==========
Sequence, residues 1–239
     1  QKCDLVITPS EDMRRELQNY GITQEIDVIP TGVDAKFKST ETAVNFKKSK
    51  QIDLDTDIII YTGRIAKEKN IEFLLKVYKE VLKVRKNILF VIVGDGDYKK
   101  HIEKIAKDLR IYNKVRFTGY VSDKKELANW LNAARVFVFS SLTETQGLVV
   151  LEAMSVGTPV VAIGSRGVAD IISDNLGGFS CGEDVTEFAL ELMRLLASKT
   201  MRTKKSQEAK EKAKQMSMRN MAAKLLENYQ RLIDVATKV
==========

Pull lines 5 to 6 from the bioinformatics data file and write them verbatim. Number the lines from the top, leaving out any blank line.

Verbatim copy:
   151  LEAMSVGTPV VAIGSRGVAD IISDNLGGFS CGEDVTEFAL ELMRLLASKT
   201  MRTKKSQEAK EKAKQMSMRN MAAKLLENYQ RLIDVATKV